Surprisingly, the new Phantom is slightly smaller than before — we hear you need a bus licence to drive anything longer than 6m in China, and the Extended Wheelbase Phantom now sneaks under that mark.
Diminishing its size has not diminished its stature, however. Wherever it rolls up, the Phantom has an imposing and notable presence.
And though the looks have been gently updated, the skeleton of the car is all new. The Phantom is built on Rolls’ “Architecture of Luxury”, a new aluminium platform on which all the brand’s future cars will be built.
It’s generally more rigid than the previous car’s platform and slightly lighter, providing a bit of weight allowance for a huge amount of sound insulation to be added — 130kg, to be precise. That’s not the only measure taken to muffle those decibels; the windows are all of 6mm thick and are double-glazed (which also prevents heat from penetrating), and even the wheels each have 2kg of sound-insulating foam inside them. Better to kill noise than block it, after all.
The result is an astonishingly silent car. On the highway you do hear the wind as a hushed rustle, and the clamour of other vehicles’ engines does manage to make its way into the cabin, but the Phantom itself is utterly mute.
The engine only ever pipes up if you’re willfully plumbing the depths of its 900Nm reserve of peak torque, and even then its voice is never more than a distant murmur. Otherwise it does its work as unobtrusively as a good butler.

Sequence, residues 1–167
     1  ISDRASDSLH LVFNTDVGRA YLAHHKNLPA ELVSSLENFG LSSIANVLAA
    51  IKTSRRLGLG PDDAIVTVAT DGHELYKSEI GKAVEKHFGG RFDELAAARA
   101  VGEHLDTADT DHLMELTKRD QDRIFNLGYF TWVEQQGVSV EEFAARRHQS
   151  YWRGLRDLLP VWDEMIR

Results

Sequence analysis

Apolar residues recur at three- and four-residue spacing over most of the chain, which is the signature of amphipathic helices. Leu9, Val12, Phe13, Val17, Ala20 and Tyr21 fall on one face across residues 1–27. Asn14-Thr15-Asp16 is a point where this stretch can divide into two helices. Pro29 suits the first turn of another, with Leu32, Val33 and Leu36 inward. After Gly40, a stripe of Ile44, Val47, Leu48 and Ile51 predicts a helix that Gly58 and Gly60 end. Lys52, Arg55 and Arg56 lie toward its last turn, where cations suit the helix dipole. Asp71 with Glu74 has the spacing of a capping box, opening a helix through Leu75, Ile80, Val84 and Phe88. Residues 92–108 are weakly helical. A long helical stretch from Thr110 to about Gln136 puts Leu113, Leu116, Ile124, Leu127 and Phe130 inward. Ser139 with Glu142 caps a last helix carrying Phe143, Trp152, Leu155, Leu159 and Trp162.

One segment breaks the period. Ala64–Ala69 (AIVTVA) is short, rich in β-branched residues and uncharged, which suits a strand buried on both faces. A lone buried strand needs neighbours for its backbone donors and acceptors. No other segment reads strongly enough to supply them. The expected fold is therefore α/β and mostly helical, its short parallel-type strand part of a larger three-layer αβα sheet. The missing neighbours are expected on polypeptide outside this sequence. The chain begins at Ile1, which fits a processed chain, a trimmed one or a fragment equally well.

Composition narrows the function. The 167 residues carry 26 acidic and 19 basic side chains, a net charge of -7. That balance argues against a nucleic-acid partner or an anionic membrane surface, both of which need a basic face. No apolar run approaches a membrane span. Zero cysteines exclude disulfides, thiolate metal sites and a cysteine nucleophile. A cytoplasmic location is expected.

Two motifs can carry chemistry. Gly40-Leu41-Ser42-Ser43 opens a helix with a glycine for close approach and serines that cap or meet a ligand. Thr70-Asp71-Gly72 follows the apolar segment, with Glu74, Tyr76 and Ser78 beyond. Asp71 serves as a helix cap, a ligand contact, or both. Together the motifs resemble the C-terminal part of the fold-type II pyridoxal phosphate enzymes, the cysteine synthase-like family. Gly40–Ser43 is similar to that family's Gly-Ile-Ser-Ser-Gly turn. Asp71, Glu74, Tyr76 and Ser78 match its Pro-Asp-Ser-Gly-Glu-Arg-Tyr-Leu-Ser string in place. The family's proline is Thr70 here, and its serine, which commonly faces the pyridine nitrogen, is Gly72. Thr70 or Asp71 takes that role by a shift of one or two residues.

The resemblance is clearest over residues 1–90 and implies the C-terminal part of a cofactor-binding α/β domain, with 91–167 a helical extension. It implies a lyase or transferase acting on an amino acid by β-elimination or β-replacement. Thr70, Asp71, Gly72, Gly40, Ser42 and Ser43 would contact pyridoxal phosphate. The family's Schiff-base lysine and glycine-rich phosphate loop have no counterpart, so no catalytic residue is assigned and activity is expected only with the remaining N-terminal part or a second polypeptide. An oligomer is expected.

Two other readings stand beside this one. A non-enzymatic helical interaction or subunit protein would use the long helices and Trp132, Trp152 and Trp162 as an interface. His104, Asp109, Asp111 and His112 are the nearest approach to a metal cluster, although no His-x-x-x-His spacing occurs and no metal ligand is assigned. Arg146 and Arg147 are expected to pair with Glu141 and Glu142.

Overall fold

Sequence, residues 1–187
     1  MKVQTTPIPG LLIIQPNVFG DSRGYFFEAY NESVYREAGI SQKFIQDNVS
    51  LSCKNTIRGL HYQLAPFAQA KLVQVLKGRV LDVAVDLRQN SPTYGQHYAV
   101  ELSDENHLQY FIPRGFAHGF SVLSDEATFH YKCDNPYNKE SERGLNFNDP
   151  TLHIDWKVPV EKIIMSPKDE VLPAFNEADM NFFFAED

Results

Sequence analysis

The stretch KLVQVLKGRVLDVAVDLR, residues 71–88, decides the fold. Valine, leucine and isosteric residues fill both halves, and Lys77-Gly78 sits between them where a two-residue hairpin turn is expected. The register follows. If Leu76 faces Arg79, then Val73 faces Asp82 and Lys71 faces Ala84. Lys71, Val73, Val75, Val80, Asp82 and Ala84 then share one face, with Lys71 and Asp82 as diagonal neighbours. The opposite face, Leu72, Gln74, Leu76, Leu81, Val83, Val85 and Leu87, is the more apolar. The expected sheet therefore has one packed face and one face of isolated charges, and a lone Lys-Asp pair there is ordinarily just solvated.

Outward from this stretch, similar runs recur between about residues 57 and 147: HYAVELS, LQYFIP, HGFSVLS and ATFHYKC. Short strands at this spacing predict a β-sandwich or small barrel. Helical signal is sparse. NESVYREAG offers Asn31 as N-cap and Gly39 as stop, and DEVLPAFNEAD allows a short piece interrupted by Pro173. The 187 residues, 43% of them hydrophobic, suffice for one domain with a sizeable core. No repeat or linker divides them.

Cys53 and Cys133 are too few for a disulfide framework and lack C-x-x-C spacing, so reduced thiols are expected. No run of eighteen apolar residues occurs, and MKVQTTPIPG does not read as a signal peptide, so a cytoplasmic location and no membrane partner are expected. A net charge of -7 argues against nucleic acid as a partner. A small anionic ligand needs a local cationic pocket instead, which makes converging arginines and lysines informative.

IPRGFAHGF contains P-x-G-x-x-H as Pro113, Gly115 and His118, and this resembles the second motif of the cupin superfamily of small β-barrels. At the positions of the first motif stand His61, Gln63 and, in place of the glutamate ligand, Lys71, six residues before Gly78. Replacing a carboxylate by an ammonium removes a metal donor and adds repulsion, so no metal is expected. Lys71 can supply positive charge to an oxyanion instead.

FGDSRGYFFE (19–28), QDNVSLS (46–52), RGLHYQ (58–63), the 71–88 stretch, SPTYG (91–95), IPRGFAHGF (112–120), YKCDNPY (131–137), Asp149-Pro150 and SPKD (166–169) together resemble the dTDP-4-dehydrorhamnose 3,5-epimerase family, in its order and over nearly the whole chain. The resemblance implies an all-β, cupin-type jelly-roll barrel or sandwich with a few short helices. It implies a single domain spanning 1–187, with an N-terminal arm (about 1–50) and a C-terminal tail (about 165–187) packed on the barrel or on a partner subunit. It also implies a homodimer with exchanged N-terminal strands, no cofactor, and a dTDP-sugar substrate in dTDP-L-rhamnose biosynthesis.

While Rolls-Royce has obviously declared war on noise, the suspension leans on technology to do the same to surface irregularities. There’s a camera-based system that allows the car to scan the road ahead for bumps so it can prime its air springs for them. This is a car that prepares itself for a lumpy tarmac instead of merely trying to react to it as calmly as possible, in other words.
It’s a nice idea (borrowed from BMW), and it works a treat. It’s not that you feel nothing at all of the road, but being in the Phantom is like driving over a plush, endless carpet that has been laid out in front of you to smoothen your passage.
Each air spring apparently has twice the capacity of those in the previous Phantom, and their control system works much faster than before. The result is a car that rebuffs the road’s attempts to molest it.
It all adds up to a car that offers a glimpse of what heaven must be like; you ride on clouds, with nothing to bother you on your journey.